Kneading is finished when the dough is elastic, and comes away from the sides of the bowl (if using a dough hook). Pop the dough in an oiled bowl and cover with clingfilm to avoid a skin developing. Leave to prove until doubled in size. This will take at least an hour, but may take more if it’s not in a particularly warm place (up to 3 hours).
Prepare the filling
While the dough is proving, it’s important to get ready for the next step. You don’t want to roll out the dough only to realise you haven’t prepared the filling (yes this has happened to me).
Cut the 12 creme eggs in half, scoop out the fondant and keep them separate to one another, so you have 12 in total. I tried doing this both at room temperature and when they were cold. I found it slightly easier to scoop the fondant out at room temperature, but both ways seemed easy enough. I put the fondant centres onto a plate – bit of mistake! I should have put them onto greaseproof paper to make them easier to take off later. Chop up the creme egg chocolate into pieces, about the size of raisins.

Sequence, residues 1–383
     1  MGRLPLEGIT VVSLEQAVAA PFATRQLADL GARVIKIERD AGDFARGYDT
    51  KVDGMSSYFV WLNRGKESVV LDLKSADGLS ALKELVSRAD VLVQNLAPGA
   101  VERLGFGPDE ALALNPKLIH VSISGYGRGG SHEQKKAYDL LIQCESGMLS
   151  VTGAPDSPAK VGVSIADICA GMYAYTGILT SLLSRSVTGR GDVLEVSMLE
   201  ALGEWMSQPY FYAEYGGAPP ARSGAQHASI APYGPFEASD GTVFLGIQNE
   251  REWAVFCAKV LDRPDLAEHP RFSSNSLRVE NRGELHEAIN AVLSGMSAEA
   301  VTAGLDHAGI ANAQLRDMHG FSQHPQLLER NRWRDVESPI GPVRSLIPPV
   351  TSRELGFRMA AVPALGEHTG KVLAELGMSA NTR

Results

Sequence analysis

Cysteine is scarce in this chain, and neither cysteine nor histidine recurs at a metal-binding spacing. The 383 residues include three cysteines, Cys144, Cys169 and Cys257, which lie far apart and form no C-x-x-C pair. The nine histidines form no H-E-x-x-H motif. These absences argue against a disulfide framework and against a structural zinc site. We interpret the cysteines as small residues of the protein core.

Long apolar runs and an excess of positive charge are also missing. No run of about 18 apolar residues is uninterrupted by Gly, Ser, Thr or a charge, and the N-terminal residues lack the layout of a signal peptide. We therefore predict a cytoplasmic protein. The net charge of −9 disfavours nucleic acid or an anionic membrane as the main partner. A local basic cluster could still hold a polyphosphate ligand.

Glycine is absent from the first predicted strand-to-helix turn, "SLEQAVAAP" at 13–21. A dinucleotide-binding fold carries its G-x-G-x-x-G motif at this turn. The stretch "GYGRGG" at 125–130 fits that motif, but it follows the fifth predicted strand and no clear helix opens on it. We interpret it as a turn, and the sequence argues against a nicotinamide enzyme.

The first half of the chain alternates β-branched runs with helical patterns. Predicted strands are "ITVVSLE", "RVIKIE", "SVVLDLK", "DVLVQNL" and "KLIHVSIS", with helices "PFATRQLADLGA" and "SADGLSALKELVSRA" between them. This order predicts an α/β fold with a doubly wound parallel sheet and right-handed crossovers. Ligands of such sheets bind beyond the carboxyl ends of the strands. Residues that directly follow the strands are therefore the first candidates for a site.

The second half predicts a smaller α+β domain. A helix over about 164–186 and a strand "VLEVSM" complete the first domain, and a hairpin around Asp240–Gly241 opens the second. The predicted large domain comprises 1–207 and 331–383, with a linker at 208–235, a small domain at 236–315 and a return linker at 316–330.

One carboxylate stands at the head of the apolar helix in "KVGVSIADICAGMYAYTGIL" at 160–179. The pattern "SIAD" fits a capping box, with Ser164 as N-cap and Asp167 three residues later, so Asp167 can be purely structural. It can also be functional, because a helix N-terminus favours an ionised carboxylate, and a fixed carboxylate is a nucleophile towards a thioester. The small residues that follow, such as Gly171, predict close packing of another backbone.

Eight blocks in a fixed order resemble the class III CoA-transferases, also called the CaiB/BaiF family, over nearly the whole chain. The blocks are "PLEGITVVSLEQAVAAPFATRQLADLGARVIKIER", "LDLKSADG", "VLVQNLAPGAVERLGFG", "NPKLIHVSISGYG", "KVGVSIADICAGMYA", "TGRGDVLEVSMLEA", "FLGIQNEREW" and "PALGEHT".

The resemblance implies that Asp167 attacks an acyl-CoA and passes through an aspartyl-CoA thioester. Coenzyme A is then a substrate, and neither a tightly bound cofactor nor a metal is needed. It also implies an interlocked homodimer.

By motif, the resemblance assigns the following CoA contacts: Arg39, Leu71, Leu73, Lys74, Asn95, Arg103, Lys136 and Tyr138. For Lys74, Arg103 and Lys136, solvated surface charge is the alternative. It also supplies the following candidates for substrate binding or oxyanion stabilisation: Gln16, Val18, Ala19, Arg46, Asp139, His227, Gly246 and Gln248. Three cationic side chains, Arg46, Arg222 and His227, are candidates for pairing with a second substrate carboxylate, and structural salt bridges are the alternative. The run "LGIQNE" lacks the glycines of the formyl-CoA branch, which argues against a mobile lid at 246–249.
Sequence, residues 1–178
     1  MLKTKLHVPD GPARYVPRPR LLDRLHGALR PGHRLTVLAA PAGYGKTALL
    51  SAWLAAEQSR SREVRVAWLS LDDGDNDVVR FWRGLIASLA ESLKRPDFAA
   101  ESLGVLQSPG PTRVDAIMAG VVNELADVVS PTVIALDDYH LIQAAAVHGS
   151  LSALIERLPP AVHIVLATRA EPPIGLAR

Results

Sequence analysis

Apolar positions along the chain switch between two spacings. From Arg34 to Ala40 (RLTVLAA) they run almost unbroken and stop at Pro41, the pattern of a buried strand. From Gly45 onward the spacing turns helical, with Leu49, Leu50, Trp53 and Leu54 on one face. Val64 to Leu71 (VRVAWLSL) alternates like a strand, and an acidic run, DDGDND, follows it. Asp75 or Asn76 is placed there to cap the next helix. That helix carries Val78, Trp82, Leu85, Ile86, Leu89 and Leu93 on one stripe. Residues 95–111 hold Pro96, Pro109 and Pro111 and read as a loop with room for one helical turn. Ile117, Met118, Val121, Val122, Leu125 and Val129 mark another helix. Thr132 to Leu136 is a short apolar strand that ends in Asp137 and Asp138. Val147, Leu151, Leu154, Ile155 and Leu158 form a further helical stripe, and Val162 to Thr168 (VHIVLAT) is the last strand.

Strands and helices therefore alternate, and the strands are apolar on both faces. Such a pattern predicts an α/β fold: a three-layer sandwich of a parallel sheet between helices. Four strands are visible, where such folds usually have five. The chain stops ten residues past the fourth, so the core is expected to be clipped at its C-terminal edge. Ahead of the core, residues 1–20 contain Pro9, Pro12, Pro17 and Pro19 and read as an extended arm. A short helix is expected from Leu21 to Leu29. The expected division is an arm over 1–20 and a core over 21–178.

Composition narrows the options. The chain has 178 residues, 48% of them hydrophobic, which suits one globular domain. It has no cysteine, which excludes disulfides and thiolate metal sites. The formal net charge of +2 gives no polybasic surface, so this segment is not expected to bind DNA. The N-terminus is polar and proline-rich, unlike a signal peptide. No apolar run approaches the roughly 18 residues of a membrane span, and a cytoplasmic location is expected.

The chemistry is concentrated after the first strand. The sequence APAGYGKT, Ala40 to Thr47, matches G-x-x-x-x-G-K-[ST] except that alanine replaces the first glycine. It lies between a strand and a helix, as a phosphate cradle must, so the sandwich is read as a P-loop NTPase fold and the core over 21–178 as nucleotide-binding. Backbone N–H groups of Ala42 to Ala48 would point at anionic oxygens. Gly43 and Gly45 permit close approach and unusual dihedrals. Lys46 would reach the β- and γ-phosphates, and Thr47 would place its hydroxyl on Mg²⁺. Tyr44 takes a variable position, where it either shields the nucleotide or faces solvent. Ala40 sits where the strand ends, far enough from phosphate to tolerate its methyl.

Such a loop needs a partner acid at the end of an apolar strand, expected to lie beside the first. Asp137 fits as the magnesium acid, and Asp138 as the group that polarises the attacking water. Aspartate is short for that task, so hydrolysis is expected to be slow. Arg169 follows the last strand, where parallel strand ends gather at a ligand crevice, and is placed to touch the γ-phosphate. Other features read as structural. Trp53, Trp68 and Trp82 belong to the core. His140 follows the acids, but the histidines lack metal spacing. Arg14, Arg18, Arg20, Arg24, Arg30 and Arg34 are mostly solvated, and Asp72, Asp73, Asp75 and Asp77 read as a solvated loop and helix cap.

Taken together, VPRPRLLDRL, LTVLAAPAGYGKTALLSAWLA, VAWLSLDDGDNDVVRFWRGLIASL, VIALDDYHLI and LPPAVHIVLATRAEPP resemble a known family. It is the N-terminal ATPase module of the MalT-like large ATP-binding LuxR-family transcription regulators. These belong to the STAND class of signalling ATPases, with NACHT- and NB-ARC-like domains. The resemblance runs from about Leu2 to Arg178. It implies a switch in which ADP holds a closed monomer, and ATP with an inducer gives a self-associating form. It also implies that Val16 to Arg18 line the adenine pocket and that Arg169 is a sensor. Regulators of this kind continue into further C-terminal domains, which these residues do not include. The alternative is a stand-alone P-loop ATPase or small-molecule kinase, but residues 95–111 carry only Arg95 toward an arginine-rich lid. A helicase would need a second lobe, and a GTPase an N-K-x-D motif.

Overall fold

If you are using chocolate paste, make it at this stage, with softened butter, brown sugar and cocoa.
Roll the dough
When the dough has proved, scoop it out of the bowl and shape it into a rectangle. Then roll out into a large rectangle on a well-floured surface. Tack one length of the rectangle down onto the table (nearest you). Spread the chocolate paste all over, using your fingers.
Sprinkle the creme egg chocolate over the top. Make sure you reserve the fondant centres for later.
Roll the rectangle up tightly, finishing at the length you tacked to the table.